How to navigate the world of sustainable fashion and shop better

Inspired by a feature in The Guardian we thought we’d create this handy guide for shopping better when it comes to eco-friendly or sustainable products. We all want to shop better; buy organic, ethically sourced products and buy local where we can. However, we understand that navigating this world of sustainable, fair trade and green labels can be confusing. We try to simplify the terms so you can shop for clothes safe in the knowledge that you’re doing your best.

Organic – you can buy organic cotton, organic denim but what does it mean? It means the fibres are produced without the use of toxic chemicals which directly affect the environment. A huge amount of water is also used in the cotton and denim industry so it’s good to find out which companies are looking to combat this issue. Boyish Jeans is a good example of this. “Boyish Jeans' efforts in sustainable fashion include working with ethical factories, using less harmful chemicals during the dyeing process, utilizing one-third of the amount of water typically needed to produce a pair of jeans, and working exclusively with recycled fabrics and materials for everything put out by the brand.”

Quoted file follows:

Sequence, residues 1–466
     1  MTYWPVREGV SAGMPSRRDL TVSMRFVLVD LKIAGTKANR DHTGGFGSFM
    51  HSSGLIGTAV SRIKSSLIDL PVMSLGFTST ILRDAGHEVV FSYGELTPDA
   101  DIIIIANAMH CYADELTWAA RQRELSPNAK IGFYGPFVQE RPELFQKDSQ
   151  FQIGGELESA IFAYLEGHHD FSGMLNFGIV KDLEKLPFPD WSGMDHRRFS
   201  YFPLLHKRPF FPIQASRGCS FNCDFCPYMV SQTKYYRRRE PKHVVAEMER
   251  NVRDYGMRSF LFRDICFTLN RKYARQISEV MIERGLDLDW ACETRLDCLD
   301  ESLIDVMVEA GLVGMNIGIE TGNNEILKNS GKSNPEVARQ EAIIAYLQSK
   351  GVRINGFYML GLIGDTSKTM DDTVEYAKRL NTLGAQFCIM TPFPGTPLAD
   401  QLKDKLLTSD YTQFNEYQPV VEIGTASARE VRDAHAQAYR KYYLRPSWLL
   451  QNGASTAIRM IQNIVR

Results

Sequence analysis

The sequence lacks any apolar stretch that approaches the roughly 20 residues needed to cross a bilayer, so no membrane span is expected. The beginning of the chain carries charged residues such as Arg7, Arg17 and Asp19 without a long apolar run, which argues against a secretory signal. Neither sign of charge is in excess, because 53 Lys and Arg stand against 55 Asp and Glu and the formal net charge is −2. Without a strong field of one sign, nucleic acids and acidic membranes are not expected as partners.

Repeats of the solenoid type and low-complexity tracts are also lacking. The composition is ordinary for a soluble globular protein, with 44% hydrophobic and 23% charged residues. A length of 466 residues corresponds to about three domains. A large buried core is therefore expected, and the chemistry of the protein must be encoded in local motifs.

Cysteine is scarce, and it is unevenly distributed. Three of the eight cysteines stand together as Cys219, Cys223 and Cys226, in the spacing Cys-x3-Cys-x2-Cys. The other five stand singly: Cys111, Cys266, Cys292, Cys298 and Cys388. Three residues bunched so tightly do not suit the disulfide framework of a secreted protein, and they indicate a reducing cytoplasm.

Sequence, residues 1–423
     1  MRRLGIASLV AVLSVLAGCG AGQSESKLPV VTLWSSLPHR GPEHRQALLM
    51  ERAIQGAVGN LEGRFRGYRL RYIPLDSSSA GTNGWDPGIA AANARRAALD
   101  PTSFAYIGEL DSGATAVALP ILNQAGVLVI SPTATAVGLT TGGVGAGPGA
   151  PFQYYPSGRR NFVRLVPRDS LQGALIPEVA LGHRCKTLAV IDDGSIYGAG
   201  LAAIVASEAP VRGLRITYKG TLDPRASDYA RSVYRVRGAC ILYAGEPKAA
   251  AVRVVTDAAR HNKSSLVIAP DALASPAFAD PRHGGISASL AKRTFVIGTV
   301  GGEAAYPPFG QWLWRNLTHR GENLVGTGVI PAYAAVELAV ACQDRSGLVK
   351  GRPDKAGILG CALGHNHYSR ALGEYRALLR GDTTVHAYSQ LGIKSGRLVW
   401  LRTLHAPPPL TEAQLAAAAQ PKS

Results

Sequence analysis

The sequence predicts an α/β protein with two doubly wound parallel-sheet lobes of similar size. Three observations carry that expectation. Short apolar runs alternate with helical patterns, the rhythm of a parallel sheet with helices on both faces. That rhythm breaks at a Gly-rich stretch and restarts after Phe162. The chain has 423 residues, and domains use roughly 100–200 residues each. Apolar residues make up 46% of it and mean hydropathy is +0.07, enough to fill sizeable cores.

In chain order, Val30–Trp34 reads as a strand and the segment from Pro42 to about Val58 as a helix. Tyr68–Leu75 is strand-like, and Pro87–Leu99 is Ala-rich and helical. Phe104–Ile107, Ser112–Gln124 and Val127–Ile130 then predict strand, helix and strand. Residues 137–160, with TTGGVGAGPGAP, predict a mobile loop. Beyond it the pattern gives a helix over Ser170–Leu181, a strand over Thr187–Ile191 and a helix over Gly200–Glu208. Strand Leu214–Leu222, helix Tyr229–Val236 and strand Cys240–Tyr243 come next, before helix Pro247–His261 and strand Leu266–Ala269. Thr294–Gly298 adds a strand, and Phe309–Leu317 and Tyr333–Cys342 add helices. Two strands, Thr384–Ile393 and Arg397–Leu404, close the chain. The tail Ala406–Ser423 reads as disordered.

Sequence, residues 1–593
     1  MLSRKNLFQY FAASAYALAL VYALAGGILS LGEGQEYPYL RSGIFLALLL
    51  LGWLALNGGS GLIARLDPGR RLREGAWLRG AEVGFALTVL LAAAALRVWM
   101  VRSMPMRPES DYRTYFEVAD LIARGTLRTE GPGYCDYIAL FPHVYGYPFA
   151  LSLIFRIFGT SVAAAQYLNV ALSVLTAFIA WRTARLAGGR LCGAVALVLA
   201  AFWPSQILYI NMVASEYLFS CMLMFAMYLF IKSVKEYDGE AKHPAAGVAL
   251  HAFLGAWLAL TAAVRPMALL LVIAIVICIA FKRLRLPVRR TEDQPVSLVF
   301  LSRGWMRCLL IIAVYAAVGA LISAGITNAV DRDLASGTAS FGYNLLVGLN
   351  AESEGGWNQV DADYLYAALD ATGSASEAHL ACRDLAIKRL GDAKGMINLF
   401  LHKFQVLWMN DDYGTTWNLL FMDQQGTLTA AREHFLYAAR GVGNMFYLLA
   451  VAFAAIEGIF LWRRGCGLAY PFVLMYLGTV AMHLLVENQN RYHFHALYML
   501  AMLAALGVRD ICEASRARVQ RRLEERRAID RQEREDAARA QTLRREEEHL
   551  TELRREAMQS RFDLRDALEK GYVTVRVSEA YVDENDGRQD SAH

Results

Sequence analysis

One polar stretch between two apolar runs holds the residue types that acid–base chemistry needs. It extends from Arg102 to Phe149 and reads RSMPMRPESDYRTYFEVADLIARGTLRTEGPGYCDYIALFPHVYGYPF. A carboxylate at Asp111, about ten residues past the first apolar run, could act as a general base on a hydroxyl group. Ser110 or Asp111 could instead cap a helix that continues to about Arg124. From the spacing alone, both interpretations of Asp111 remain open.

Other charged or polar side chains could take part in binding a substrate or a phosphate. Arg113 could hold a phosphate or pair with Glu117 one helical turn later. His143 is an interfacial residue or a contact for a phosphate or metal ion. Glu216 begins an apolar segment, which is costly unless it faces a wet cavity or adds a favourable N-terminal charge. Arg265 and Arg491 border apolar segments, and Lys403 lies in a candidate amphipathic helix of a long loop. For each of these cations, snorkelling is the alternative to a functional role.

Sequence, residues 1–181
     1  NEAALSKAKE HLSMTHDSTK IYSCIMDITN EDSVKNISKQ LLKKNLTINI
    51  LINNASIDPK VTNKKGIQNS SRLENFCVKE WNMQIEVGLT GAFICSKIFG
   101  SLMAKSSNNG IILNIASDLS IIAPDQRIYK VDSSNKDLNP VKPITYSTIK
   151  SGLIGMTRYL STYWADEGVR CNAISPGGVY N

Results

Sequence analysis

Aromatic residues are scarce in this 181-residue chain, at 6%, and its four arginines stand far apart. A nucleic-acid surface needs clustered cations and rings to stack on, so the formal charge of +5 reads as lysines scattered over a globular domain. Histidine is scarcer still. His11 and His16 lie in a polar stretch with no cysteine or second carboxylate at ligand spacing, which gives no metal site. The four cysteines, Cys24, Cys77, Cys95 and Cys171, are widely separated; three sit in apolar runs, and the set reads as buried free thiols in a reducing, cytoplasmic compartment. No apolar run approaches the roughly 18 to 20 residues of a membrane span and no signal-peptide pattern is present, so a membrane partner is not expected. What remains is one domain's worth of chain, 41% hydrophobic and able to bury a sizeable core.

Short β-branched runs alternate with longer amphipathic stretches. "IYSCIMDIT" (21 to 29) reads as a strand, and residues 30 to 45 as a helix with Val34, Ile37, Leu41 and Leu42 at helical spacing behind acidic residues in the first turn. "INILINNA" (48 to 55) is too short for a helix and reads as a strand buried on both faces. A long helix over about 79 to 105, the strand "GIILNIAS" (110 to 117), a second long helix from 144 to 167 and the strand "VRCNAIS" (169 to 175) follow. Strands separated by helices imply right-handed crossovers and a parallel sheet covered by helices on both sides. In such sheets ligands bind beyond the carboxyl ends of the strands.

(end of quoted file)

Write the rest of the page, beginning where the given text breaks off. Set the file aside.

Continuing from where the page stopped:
Fairtrade – Fairtrade changes the way trade works through better prices, decent working conditions and a fairer deal for farmers and workers in developing countries. This ensures the products you buy labelled Fairtrade have been ethically produced.

Sustainable – before you buy, ask yourself how will this product affect the planet? Is this product made from natural fibres like wool which breaks down or synthetics fibres like polyester (which is plastic). Or perhaps it’s made using recycled materials. Irish clothing company Wolfhound and Elk repurpose discarded plastic bottles and manufacture them into premium quality fabric. And All Things Fiona Lily takes end of line stock to create her range which would otherwise end up in landfill.

Slow fashion – this is the antithesis of fast fashion. Slow fashion is all about investment pieces. High-quality garments that last a lifetime. An example of this would be Lucy Nagle’s cashmere collection, wardrobe staples that last a lifetime once cared for correctly.

Greenwashing – when brands and products claim to be ‘green’ but perhaps are exaggerating or putting a positive spin on it. An example of this would be fast fashion brands having conscious or eco-collections which may account for only a small percentage of their business.

And if all this sounds far to complex buying second hand and from charity shops is a great idea. It helps lower the overall demand for new clothing and lowers the amount of clothing ending up in landfill. Happy shopping.